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What Dividend Hunters Need To Know About Rio Tinto plc

Today I am looking at whether Rio Tinto (LSE: RIO) (NYSE: RIO.US) is an appealing pick for those seeking chunky dividend income.

Further solid dividend growth expected

Since Rio Tinto was forced to slash its dividend in the wake of the 2008/2009 financial crisis, when a backdrop of collapsing commodity prices crushed earnings, the mining company has kept dividends strolling higher. Indeed, the company has raised the full-year payout at a stunning compound annual growth rate of 43.7% since 2009, despite ongoing earnings fluctuations.

City analysts expect the mining giant to continue doling out meaty dividend increases, with an inflation-smashing 8.7% rise in rio tinto2014, to 208.6 US cents per share. And they anticipate that to be followed by a further 10% rise next year, to 229.4 US cents.

These projections mean sizable yields of 3.8% and 4.1%, for 2014 and 2015 respectively, comfortably outstripping the 3.2%forward average for both the FTSE 100 as well as the complete mining sector.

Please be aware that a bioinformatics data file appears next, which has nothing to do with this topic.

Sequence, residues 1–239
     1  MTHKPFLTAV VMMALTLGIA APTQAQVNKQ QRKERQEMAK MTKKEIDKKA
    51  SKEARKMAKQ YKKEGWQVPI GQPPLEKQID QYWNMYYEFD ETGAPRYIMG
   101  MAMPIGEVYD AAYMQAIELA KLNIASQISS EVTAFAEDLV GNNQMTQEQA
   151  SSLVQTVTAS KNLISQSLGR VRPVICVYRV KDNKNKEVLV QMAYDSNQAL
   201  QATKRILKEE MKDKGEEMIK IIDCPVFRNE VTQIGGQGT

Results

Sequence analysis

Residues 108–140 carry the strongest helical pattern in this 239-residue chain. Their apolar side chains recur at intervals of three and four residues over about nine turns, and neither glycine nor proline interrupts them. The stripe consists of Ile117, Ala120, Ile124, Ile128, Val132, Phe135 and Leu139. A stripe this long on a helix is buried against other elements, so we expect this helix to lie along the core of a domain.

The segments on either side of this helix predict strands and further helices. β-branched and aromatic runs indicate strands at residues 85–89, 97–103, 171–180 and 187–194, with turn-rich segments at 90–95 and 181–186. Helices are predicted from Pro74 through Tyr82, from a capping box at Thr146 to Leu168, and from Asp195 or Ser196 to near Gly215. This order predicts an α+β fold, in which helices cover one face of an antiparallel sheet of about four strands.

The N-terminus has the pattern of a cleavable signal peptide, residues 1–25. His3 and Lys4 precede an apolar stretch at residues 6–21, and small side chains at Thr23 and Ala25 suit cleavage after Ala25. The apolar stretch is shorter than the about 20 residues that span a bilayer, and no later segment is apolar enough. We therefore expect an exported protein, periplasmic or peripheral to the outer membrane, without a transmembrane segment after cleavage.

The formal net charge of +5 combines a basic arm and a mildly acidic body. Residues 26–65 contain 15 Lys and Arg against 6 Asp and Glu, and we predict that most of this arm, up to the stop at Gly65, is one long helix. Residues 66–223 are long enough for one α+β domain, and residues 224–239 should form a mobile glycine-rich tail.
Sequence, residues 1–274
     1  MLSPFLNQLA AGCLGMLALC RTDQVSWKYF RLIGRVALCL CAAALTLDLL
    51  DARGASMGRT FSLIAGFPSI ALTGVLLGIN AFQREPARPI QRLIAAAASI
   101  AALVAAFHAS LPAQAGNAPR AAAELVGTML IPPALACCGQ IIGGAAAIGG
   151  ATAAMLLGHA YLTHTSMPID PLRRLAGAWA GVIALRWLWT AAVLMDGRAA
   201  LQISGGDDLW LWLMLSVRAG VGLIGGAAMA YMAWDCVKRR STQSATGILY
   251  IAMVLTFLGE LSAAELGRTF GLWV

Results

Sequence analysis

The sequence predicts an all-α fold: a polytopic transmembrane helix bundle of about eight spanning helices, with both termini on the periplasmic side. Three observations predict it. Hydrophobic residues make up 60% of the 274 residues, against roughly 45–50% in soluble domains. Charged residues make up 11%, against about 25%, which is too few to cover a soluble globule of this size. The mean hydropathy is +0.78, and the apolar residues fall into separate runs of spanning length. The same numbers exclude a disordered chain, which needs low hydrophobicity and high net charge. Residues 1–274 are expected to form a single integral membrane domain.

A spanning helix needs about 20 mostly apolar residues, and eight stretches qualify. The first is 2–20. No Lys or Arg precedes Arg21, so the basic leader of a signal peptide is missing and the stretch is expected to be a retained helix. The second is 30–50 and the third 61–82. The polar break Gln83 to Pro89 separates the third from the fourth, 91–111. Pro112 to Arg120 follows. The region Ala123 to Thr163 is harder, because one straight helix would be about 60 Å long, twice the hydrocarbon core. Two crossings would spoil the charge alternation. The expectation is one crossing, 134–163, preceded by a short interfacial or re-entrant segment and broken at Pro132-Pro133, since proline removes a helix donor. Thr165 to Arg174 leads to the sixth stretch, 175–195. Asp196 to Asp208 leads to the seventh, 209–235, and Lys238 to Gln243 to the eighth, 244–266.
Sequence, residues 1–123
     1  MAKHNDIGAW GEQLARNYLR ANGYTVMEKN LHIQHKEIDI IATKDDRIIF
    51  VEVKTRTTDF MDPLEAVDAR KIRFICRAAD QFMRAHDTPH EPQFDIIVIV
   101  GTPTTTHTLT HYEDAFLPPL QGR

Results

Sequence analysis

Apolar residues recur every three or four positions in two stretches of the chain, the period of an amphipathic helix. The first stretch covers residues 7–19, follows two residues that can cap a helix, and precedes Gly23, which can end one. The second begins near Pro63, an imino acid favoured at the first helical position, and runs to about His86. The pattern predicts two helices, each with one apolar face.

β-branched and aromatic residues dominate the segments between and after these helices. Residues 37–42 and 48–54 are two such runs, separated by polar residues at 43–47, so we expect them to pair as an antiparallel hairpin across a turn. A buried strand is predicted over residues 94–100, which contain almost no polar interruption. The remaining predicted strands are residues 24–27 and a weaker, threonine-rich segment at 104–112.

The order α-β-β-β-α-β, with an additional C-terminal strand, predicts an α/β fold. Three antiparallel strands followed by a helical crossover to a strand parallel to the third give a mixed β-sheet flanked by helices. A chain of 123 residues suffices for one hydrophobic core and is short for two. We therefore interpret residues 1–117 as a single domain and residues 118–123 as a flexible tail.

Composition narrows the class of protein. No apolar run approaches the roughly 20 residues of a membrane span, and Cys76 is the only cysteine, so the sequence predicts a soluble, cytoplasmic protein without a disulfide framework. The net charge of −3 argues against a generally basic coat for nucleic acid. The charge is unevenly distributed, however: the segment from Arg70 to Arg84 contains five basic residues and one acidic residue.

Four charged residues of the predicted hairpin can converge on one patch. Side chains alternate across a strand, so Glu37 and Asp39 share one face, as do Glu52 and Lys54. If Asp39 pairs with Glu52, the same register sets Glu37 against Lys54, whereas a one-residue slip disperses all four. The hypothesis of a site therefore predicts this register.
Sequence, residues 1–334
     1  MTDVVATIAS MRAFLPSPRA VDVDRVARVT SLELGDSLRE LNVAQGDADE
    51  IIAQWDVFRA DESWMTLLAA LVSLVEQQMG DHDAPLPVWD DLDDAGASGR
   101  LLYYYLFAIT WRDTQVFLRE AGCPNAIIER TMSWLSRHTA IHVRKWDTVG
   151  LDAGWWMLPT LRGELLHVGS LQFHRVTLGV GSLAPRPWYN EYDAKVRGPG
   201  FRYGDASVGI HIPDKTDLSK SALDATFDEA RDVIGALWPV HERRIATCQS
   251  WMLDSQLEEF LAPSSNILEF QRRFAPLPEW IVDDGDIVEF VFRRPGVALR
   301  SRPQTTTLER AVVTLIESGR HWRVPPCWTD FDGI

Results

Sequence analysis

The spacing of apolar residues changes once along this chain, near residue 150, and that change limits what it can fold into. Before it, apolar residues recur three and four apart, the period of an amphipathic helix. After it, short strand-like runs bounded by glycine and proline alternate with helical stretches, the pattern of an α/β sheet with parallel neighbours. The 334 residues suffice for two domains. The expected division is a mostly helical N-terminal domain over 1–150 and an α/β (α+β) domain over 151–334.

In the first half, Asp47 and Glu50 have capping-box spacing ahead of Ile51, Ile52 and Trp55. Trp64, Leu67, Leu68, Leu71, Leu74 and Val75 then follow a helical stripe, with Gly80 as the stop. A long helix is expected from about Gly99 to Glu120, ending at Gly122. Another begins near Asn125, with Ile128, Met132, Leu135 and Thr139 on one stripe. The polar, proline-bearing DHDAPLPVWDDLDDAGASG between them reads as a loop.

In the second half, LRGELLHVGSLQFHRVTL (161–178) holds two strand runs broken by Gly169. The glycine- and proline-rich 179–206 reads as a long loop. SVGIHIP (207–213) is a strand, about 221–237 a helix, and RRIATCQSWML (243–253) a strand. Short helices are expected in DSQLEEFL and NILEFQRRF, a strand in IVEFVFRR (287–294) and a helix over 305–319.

Difficult commodity markets cast a cloud

On the face of it, Rio Tinto’s prospective payments during the medium term could be considered an extremely safe bet, with dividend coverage comfortably above the security benchmark of 2 times forward earnings. Indeed, the miner sports a figure of 2.6 times for 2014 and 2.7 times for 2015.

But a 2% earnings decline expected this year illustrates the ongoing fragility in commodity market prices, where an environment of worsening oversupply continues to push raw materials prices to the downside. And expectations of further price pressure could put Rio Tinto’s expected 14% earnings rebound in 2015 to the sword.

Like the rest of the mining sector, Rio Tinto is embarking on a huge restructuring drive, from scaling back capital expenditure and slashing operating expenses, through to divesting non-core assets, in order to safeguard future earnings growth and boost its capital pile.

Although the company is struggling to attract fair value for many of its projects, Rio Tinto’s cost-cutting scheme is delivering in spades — the business achieved $2bn of operating cash cost improvements last year versus 2012 — while exploration and evaluation expenditure fell by more than $1bn on-year and surpassed Rio Tinto’s $750m target.

But with prices across many of Rio Tinto’s key commodity markets expected to continue tumbling through the next few years, doubts abound that the company will be able to keep dividends striding higher over the long-term. And with divestments also threatening to derail earnings growth in coming years, the miner’s positive long-term dividend outlook is far from secure.

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Royston does not own shares in Rio Tinto.